No one should blindly follow any financial advice on social media, even if you follow an expert. The advice may be suitable for some people, but not be targeted to someone in your particular situation. Each person is at a different point in their investing journey. You should always do your own due diligence to make sure an investment aligns with your goals before deciding to invest.

Forgetting about taxes

Don’t forget about taxes when you invest. Carefully planning your investments based on their tax impacts could help you save money either today or in the future. Investments in a regular taxable investment account often require you to pay taxes on distributions when you receive them. You also have to pay taxes on gains when you sell. If you hold assets for more than a year, you may qualify for lower long-term capital gains tax rates.

The type of account you invest in could impact your tax bill too. Traditional retirement accounts such as 401(k)s and individual retirement accounts may give you a tax break today for contributions you make to the account. Roth accounts, such as Roth 401(k)s and Roth IRAs, don’t give you a tax break today but could allow you to withdraw money tax-free in retirement. Carefully planning around these tax aspects, and more, might help you keep more of your hard-earned money.

Not continuing to learn

The last thing you want to do as an investor is get complacent. The world is constantly changing. New investment apps may come out that might allow you to invest in an even lower-cost manner. Tax laws may change, which require you to tweak your investment plan to stay optimized.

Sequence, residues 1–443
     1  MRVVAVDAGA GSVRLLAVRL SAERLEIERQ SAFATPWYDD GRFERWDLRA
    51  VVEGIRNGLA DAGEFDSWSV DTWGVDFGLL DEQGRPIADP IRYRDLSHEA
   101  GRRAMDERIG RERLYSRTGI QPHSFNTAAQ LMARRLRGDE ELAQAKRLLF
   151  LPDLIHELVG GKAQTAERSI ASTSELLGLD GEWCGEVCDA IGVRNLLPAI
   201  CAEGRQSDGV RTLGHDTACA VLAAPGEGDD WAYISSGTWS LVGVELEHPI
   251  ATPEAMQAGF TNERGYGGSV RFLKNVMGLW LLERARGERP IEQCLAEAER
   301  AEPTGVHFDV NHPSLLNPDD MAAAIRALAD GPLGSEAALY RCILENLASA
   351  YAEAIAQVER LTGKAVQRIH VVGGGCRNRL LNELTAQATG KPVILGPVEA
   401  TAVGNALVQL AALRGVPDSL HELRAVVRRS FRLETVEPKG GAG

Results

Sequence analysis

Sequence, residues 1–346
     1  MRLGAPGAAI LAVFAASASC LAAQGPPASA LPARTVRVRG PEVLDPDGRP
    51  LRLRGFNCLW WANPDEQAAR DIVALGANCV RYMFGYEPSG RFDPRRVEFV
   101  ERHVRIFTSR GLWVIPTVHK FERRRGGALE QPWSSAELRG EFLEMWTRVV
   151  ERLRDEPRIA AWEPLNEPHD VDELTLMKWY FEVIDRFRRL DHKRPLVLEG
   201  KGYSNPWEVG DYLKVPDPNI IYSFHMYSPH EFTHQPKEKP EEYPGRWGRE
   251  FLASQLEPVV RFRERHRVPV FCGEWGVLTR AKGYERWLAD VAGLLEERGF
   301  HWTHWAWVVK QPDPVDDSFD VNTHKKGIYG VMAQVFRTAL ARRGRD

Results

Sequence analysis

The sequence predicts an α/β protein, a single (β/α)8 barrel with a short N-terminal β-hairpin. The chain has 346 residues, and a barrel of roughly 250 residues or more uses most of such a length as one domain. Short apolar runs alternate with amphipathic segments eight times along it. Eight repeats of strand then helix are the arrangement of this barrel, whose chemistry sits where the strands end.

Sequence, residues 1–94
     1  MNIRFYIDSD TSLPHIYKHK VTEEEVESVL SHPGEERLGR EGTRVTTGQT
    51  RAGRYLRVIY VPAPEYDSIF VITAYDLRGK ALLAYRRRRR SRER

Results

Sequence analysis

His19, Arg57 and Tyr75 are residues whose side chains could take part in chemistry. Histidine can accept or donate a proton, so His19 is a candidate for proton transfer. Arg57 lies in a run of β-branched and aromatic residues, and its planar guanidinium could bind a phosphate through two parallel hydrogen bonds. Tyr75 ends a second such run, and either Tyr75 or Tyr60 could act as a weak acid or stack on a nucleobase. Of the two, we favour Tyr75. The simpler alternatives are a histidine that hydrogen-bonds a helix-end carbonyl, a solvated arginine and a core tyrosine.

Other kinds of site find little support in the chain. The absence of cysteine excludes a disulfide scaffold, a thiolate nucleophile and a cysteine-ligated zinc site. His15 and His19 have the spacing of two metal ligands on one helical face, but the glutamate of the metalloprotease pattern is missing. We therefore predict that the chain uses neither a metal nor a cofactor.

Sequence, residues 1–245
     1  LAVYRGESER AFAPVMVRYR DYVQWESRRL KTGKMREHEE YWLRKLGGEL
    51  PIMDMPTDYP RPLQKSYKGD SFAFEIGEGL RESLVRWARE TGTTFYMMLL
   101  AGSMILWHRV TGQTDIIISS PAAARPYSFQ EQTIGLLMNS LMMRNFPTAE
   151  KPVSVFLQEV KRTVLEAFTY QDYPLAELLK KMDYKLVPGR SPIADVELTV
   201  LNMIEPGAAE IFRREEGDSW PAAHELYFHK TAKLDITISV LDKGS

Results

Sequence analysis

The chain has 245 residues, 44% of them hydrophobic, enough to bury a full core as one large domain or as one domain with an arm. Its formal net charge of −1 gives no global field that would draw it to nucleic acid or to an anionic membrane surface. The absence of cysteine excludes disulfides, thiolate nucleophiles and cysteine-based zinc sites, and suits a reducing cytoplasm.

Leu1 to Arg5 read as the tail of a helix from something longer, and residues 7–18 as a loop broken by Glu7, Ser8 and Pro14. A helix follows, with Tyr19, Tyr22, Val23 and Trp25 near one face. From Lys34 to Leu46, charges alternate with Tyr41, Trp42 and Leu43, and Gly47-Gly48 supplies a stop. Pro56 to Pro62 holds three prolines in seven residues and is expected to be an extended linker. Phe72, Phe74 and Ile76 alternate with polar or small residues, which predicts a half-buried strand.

New companies may break out, as Google did in the 1990s and 2000s, which could provide tremendous opportunities for growth. If you get complacent, you could miss out on all the ways to optimize your investments as time passes.

The bottom line

Educating yourself about the costly mistakes new investors make can help you avoid headaches and unnecessarily losing money. Even so, it’s important to remember that investing money is a very personal activity. Each person’s situation and goals are different. If you need help figuring out an investing plan for you, consider consulting a fee-only fiduciary financial planner for help.


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Author Details

Lance Cothern

Lance Cothern, CPA is a personal finance writer and founder of MoneyManifesto.com. Lance's work covering several personal finance topics has been published in U.S. News & World Report, Business Insider, Credit Karma, Investopedia, and several other publications.